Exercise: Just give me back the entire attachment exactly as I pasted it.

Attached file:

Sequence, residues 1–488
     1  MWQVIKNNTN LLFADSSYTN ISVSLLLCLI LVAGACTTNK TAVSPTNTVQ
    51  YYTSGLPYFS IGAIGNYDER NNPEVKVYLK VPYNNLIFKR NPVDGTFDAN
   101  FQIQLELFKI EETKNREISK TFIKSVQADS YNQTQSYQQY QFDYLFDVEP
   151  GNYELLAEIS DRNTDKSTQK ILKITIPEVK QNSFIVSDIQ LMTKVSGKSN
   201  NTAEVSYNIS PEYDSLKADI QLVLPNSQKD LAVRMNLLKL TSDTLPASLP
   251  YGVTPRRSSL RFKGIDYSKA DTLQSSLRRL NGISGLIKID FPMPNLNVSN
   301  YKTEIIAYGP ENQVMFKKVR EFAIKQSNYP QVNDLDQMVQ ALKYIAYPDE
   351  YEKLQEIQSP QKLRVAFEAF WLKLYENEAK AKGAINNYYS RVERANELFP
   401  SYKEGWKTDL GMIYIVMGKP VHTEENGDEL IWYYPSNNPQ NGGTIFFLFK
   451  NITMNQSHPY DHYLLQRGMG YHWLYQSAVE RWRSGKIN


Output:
Sequence, residues 1–488
     1  MWQVIKNNTN LLFADSSYTN ISVSLLLCLI LVAGACTTNK TAVSPTNTVQ
    51  YYTSGLPYFS IGAIGNYDER NNPEVKVYLK VPYNNLIFKR NPVDGTFDAN
   101  FQIQLELFKI EETKNREISK TFIKSVQADS YNQTQSYQQY QFDYLFDVEP
   151  GNYELLAEIS DRNTDKSTQK ILKITIPEVK QNSFIVSDIQ LMTKVSGKSN
   201  NTAEVSYNIS PEYDSLKADI QLVLPNSQKD LAVRMNLLKL TSDTLPASLP
   251  YGVTPRRSSL RFKGIDYSKA DTLQSSLRRL NGISGLIKID FPMPNLNVSN
   301  YKTEIIAYGP ENQVMFKKVR EFAIKQSNYP QVNDLDQMVQ ALKYIAYPDE
   351  YEKLQEIQSP QKLRVAFEAF WLKLYENEAK AKGAINNYYS RVERANELFP
   401  SYKEGWKTDL GMIYIVMGKP VHTEENGDEL IWYYPSNNPQ NGGTIFFLFK
   451  NITMNQSHPY DHYLLQRGMG YHWLYQSAVE RWRSGKIN